September 19, 2012 — 1 Comment

Sometime back in the summer, I stood in the check-out line at my local grocery store watching the store employee do battle with all of her company provided equipment. The cash register tape jammed — she quickly, if gruffly, popped open the plastic hood and within seconds had untangled it. Then, the scanner began to refuse to read the barcodes on my grocery items. With an indignant huff she ducked beneath the counter, surfacing with a bottle of glass cleaner and a couple of paper towels. A few sprays of ammonia and some moderately applied elbow grease later, the scanner was beeping happily again.

When my total was tallied, I swiped my debit card on the machine provided. Nothing happened. The employee punched a few buttons on her register and told me to try again. I did. This time, something did happened, but not the desired result. Rather than allowing the transaction to proceed, the “point of sale” (POS) machine’s self-induced paralysis now extended to the employee’s register as well. No response to any of her best strategies at working around the impasse. The line was backing up and my fellow customers were getting noisy — after all, we’re Americans and we had been waiting for longer than five minutes!

Finally she said, “OK, I guess it’s time to put that high priced tech support guy’s advice to work.” And with that, she reached reached in her pocket, pulled out a paper clip, straightened said paper clip and inserted the end into a tiny hole on the underside of the POS machine. This was followed by electronic beeps, burps and buzzes as the little machine came back online. Folks behind me in line cheered. The employee took a bow and, for the first time since my check-out process had begun, she grinned.

“Amazing, huh?” she mused, “The company spent hundreds of thousands of dollars a year or so ago on this system. It locks up all the time. Finally the technician for the vendor who sold us the system came out, and gave us all a training on how to use a paper clip to reset these little boxes. Sometimes I wish I had a reset button for my life.” I doubt the store employee is alone in that wish.

We try our best to meet our days with the utmost efficiency. We race from one thing to the next. We are so tightly scheduled that if anything goes even slightly awry (the car doesn’t start, the child has the sniffles or the overnight delivery service doesn’t deliver), the ripple effect will cause our blood pressure to rise and our stomachs to churn. We use our best strategies. We employee our negotiation skills. We create workarounds on the fly. But sometimes, in spite of our best efforts, everything grinds to a halt. We’re stuck. Where’s a reset button when you need it?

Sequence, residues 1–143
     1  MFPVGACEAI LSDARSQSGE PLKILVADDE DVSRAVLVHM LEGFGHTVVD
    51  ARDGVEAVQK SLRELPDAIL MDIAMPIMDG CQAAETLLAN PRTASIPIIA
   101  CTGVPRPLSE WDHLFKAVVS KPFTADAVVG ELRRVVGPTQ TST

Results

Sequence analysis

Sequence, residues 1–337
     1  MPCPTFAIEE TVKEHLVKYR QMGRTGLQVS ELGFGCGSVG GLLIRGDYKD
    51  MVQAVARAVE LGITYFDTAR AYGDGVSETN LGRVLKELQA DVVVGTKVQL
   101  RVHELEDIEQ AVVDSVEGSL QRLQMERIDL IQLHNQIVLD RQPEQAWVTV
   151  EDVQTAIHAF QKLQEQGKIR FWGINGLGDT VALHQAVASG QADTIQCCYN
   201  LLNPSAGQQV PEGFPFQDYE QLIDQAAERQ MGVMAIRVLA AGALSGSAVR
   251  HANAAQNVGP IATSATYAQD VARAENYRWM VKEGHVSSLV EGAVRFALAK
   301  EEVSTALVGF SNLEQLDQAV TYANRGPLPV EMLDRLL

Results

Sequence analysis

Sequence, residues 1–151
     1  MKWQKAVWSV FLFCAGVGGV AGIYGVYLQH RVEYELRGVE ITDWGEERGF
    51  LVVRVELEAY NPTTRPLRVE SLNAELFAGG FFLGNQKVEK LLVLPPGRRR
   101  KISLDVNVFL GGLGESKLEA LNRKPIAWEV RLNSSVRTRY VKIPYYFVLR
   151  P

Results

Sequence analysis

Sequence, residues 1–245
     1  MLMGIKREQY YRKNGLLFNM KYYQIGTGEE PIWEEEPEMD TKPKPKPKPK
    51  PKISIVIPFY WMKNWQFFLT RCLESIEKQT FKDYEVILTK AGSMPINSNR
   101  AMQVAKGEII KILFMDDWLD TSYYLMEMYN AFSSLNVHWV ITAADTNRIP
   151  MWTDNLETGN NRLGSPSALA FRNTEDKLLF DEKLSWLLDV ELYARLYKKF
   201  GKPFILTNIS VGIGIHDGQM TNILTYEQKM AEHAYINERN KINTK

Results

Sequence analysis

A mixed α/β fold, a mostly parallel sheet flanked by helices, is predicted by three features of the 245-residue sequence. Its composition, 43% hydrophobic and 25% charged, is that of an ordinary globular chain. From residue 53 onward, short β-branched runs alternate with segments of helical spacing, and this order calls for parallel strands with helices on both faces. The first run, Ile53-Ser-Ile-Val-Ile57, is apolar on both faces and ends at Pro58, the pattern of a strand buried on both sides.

A reset button for everyday life! That would be fabulous, wouldn’t it?

There are plenty of self-help gurus willing to share their systems — books, courses, lectures and workshops — for getting one’s life in order. Through the years I’ve done my fair share of looking for the magic paper clip and the elusive reset button. I shudder at how much money I’ve spent through the years looking for answers to whatever personal “issue”I was trying to fix at the time. Many of the solutions the gurus offered seemed to only to complicate matters. Nothing nearly as elegant as the store employee’s paper clip solution!

Since the encounter at the grocery store, I’ve made a couple of trips to Florida to visit my parents. My dad is presently living each day with the reality of stage four liver cancer. On one day during my last visit, he said to me, “It’s amazing how good taking a shower can feel when you feel good enough to take a shower. When you think about it, Gary, running water, indoor plumbing and hot water heaters are pretty remarkable luxuries to have around.”

Now, my dad has always been a bit of a philosopher with a generally optimistic outlook. But his matter-of-fact delivery and the sincerity of his tone caught me off guard. Maybe getting one’s life in order isn’t about fixing everything that’s wrong. Maybe it’s about appreciating what’s right. Maybe getting ourselves reset and re-grounded in this world is as simple as appreciating a splash of warm water against our skin and giving thanks. Some paperclip.

Thanks Dad.

One response to Reset


    Just what I needed to read at the moment I found to read it. Thanks.

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